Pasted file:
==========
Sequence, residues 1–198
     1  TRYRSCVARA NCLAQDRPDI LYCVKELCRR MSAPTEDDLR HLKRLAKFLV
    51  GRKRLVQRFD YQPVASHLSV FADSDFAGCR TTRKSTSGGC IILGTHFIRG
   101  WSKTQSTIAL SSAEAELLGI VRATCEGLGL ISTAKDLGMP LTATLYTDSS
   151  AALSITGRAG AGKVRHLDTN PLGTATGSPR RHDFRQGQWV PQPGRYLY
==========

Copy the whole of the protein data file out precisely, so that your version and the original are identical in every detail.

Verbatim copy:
Sequence, residues 1–198
     1  TRYRSCVARA NCLAQDRPDI LYCVKELCRR MSAPTEDDLR HLKRLAKFLV
    51  GRKRLVQRFD YQPVASHLSV FADSDFAGCR TTRKSTSGGC IILGTHFIRG
   101  WSKTQSTIAL SSAEAELLGI VRATCEGLGL ISTAKDLGMP LTATLYTDSS
   151  AALSITGRAG AGKVRHLDTN PLGTATGSPR RHDFRQGQWV PQPGRYLY